After last year’s stunning performance, investors spent the first quarter asking the age old question: “Now what?” At first they seemed to regret their year-end exuberance, selling the market down nearly 6 percent from the New Year’s Eve high. Then, regaining their confidence, they pushed the market up to new highs only to see the rally fade again, then recover, and then fade yet again. The result was a range bound market that left many investors feeling like they were running hard just to stand still.
After the dust settled, large cap stocks gained 1.8 percent on the quarter while small company stocks gained 1.1 percent. Developed international markets returned a modest 0.8 percent and emerging market stocks fell 0.4 percent. Confirming the power of diversification, the biggest winners in the quarter were real estate investment trusts (+8.5%) and commodities (+7.0%), two sectors that disappointed during the great stock rally of 2013. Interestingly, investment grade bonds matched returns with large cap stocks, gaining 1.8 percent.
Meanwhile, back at the Fed…
The first quarter brought regime change at the Federal Reserve, in terms of both policy and leadership. In January, the Fed started its program of “tapering” bond purchases by $10 billion. Then, on February 3, Janet Yellen was sworn in as the new chair of the Federal Reserve Board of Governors. She is a very impressive individual and has all the qualifications necessary to succeed in her new role. Here is a quick summary of her resume taken from Wikipedia:
2010–2013 Vice Chair, Board of Governors, Federal Reserve System
2004–2010 President and CEO, Federal Reserve Bank of San Francisco
1997–1999 Chair, President's Council of Economic Advisers
1994–1997 Member, Board of Governors of the Federal Reserve System
1985–present Professor, Haas School of Business, UC Berkeley
1980–1985 Associate Professor, Haas School of Business, UC Berkeley
1978–1980 Lecturer, London School of Economics and Political Science
1977–1978 Economist, Board of Governors of the Federal Reserve System
1971–1976 Assistant Professor, Department of Economics, Harvard University
1974 Research Fellow, Massachusetts Institute of Technology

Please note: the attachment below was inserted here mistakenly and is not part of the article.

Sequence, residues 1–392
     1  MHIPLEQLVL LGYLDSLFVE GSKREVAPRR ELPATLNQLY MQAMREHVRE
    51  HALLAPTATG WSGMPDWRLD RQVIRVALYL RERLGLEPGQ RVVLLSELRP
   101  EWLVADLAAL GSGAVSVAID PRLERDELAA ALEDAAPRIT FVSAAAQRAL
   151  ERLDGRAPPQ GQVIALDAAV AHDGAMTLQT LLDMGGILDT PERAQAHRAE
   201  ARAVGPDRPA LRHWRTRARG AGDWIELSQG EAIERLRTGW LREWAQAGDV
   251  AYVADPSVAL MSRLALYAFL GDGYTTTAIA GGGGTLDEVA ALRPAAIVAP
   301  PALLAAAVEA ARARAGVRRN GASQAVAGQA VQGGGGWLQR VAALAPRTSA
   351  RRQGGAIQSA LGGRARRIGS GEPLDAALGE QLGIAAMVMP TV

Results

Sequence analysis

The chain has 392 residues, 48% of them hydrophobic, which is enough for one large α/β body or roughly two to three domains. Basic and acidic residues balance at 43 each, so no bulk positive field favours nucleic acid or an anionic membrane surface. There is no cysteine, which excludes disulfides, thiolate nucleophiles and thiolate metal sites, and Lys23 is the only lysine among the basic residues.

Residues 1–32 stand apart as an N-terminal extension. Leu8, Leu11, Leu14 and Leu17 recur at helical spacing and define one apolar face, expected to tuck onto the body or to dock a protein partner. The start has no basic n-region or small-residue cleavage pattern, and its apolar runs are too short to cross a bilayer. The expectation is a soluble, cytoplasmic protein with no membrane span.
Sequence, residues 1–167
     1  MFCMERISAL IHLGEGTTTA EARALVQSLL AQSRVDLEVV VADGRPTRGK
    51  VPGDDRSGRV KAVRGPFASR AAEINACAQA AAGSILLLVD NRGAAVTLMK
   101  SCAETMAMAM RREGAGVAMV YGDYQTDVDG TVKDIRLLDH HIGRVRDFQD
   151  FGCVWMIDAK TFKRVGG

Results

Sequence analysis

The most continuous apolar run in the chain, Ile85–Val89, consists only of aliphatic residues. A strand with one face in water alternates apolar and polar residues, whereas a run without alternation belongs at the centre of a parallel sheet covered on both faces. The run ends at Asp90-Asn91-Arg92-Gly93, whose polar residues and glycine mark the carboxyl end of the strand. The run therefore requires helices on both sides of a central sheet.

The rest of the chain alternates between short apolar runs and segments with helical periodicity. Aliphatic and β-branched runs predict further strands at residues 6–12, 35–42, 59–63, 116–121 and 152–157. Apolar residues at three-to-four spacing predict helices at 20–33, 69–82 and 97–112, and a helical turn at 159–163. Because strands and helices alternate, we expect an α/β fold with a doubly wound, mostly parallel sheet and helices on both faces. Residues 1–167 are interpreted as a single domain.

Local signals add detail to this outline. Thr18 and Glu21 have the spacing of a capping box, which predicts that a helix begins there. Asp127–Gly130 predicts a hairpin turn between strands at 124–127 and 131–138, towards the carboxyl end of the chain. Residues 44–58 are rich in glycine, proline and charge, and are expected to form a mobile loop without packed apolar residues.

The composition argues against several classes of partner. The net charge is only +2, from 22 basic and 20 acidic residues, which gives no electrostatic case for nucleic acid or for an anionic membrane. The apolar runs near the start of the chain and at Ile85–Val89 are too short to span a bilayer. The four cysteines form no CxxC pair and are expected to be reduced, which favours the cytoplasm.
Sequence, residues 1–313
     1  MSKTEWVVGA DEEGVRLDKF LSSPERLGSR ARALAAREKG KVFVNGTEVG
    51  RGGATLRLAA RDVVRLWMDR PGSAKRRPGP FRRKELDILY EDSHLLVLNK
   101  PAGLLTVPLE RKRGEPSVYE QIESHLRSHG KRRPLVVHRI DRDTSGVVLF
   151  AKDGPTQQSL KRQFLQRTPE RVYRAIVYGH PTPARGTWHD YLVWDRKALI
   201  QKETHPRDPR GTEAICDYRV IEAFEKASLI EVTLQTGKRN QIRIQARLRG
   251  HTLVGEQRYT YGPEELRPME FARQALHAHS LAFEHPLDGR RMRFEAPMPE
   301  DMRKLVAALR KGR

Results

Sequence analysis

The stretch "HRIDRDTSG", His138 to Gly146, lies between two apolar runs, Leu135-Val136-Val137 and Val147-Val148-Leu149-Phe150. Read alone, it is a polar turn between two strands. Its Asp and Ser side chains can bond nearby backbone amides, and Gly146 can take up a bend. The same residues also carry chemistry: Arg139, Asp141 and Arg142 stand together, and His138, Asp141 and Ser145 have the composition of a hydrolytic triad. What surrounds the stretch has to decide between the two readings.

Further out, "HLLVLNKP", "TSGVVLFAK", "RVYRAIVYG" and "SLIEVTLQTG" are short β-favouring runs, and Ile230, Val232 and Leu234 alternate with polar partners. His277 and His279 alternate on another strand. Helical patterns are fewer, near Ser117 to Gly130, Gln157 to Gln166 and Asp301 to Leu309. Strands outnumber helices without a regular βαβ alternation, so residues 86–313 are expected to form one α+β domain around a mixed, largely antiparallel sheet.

Hopefully, Yellen will live up to her resume. She will certainly be tested—and soon. The big question everyone wants answered is how this tapering thing is going to play out. Unfortunately, nobody knows, including Janet Yellen. She faces a huge challenge as she figures out what to do with the massively bloated balance sheet she inherited from her predecessor. Of course, as Vice-Chair she was complicit in the bloating, but extricating us from QE now rests squarely on her shoulders. Ben Bernanke may have shown a prescient sense of timing when he decided to exit as Fed Chairman.
How big is the bloat?
The Fed’s balance sheet is so enormous it almost defies description. With $4.2 trillion in assets, the Fed now vies with the People’s Bank of China as the largest central bank in the world. But size is only one part of the story. The Fed’s growth rate is even more staggering. Since early September 2008, the Fed’s balance sheet has more than quadrupled, growing at an average annual rate of 31.6 percent.
The Fed is now the largest owner of U.S. government debt, excluding the Social Security trust fund, the federal civil service retirement and disability fund and the military retirement fund. Remember when we used to worry about what would happen if China stopped buying our bonds? Now we need to carefully consider what might happen when the Fed stops buying bonds later this year.
Some fear that the Fed will drive interest rates higher as they pull back from the Treasury bond market, reducing liquidity and stifling economic growth. That would be a problem, but a bigger concern for me is that unwinding QE might actually coincide with a burst of liquidity just when the economy least needs it. The details of how this could work are beyond the scope of this discussion, but evidence is starting to accumulate.
In the first quarter of 2014, commercial and industrial loans grew at the fastest pace since Q4 2007. Loan growth was similar in 2011/2012 only to fade. It could fade again, but I don’t think it will. Broad economic activity is much stronger this time around which should fuel increased demand for loans, which in turn will drive the money supply higher. Suffice it to say, we need to keep a careful eye on inflation. It hasn’t been a problem for a long time, but that could change if liquidity expands aggressively and the Fed maintains a complacent attitude.
Steve Merrell is a CERTIFIED FINANCIAL PLANNER (CFP) practitioner in Monterey, CA and is a co-founder and financial advisor of Monterey Private Wealth. Monterey Private Wealth is a fee-only investment advisory firm, which serves the communities of Pleasanton, Dublin, Blackhawk, Danville, San Ramon, Livermore, the greater San Francisco Bay Area, Monterey, Carmel, and the greater Monterey County Area.